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Showing posts from October, 2012

Dr. Seuss's Sandy

This came to me via a Shelf Awareness facebook share of a Bookish tumblr:


And then, after the storm swept through, journalist Bill Hangley and poet Pattie McCarthy shared these photographs from The Atlantic. Musician and bookseller Bill "Bile" Greene has also led me to some alarming images from lower Manhattan:

Stay as safe and warm as you can. 

new issues, new horizons

The September/October print issue is out and about, sporting "A Scottish Dizzen," and much, much more! Thank you, Dr. Daniel Peaceman for everything you are doing in this transcontinental literary world.

In my own literary way, I've been living vicariously through The Paris Review's interview with the Italian writer and publisher Roberto Calasso. If only all of our writing lives could be as charmed as his. Here's an excerpt from Calasso on a Kafka in his library:

And this is the first book that Kafka ever published, Betrachtung. There were eight hundred copies. In one of his letters, he mentions having gone to a bookshop to see if anyone had bought the book and realizing that, of the eleven copies sold, only one had been bought by someone other than him.

I hope everyone has a relaxing and healthy weekend.

toss up?

John Cassidy at The New Yorker, a magazine endorsing Barack Obama, seems to indicate that the race is as close as some recent polls indicate. His map still tilts toward an Obama victory and yet his writing acknowledges that some of the states leaning blue could very well wind up in the hands of Romney.

On the radio on the ride to Ohio, aside from NPR, whose experts both predict an Obama victory as at least 70 percent likely, almost all of the talk radio is unabashedly right wing to ostensibly neutral, that comes across as right wing when a Democrat (or this Democrat) is in charge.

Larry Kudlow, a bow-tie throwback money guy who will communicate in a friendly way with cohosts across the political aisle, seemed to be the only conservative acknowledging that the Obama victory is still the likely occurrence.

And then there is the conspiracy theory or legitimate questions surrounding Tagg Romney's purchase of voting machines that will be used in Ohio.

So it feels like everything is up…

God's hair?

"I'm not a Bible-thumper, I am a Christian, but I really feel like God's hand shaved my head. I really do … If Dolly had not lost her hair - or chosen to shave her head - I never would have found this … ," he said.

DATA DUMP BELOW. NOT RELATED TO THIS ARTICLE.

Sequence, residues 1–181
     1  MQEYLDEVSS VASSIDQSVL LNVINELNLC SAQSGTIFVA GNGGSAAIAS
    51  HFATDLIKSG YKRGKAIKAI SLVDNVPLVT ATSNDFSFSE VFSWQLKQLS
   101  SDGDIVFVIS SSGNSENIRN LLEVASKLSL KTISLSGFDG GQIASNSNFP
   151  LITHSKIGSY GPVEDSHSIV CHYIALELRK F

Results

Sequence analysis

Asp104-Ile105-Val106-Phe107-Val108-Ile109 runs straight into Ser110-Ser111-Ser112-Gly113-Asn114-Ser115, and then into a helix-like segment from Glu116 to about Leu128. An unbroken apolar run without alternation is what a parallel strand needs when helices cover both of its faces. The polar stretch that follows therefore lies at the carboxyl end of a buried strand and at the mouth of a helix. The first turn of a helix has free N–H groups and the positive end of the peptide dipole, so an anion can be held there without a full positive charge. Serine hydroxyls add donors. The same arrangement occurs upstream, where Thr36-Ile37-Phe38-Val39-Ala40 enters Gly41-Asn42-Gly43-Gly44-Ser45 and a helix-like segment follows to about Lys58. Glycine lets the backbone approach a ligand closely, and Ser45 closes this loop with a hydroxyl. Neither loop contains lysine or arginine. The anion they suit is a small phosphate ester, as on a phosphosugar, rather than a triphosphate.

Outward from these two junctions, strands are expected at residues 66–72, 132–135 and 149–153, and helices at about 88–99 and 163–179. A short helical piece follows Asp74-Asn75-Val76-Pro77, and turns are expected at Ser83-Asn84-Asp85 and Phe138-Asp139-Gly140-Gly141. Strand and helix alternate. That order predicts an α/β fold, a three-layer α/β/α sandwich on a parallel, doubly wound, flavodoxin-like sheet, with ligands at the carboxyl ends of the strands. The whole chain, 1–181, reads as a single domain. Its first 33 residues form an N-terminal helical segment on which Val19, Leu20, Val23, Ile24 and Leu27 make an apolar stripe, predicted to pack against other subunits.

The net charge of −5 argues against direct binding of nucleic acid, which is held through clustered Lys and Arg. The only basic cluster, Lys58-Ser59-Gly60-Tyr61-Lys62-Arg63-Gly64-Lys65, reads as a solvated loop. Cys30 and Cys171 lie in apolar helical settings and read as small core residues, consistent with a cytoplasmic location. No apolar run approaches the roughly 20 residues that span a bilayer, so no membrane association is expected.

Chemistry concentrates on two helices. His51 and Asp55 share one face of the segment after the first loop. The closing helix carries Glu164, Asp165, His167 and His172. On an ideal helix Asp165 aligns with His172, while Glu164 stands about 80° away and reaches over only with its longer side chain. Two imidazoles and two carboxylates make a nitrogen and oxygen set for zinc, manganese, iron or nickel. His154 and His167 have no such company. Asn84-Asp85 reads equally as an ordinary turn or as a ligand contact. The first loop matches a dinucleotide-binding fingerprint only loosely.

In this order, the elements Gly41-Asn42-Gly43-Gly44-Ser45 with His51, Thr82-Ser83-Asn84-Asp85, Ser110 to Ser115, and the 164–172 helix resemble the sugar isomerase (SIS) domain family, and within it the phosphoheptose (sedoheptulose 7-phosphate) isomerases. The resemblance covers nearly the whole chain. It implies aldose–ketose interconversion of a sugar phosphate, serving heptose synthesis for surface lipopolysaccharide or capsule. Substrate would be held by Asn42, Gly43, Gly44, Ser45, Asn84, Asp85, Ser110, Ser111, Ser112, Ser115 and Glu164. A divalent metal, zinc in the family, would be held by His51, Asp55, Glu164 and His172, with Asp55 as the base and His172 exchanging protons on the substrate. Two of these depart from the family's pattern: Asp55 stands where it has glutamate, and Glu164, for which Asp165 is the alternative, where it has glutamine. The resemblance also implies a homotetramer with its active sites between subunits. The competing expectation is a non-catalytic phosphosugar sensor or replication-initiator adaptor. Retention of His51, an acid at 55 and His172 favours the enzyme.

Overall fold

And so another one of us answers the call of cancer.

Best wishes and health to Bud and Dolly Stringer.

another home for the homeless adjunct

Debra Leigh Scott's "How The American University was Killed, in Five Easy Steps" was picked up and retitled at alternet.org. So Debra is fighting her way through the capitalist thicket of her "edupreneurship," and it appears as if she is making progress. My understanding is that she very much needs to get a profitable movie deal, big league book contract, or some other such financial reward from all of her hard work "saving" other people's faculty or students, and I'm sure millions of people she is fighting for could use some extra bucks, health coverage, and more. It would be a wonderful thing if all of her work ultimately does help level the economic playing field for students and teachers at American universities, but it's all important to recognize, and help publicize, that there are some programs in place to help both of these groups.

I guess it takes a lot longer to read a novel on the subject, and that could be one reason Fight for …

Philadelphia wandering

I flew in on remarkably small planes from GSP to Dulles to Philly and a few hours later, I was visiting my older sister and her family in always sunny University City. After we all ate at an Indian restaurant, I walked back through Penn and Drexel's campuses and saw new buildings and construction all over. The University of Pennsylvania had a whole bunch of new restaurants where I used to frequent the other movie theater as a kid. It was either the Eric III on Campus across from the library on 40th or the G-- on Walnut. But that was so many years ago and now even the Marathon Grill that replaced the Burger King is long gone. It seemed like a happy, healthy, economically stimulated area on an early Saturday evening, far removed from any evidence that American median incomes have slipped by four grand over the past four years or that our median family is worth 77K. It's probably bad form to bring all that up, yeah, I know.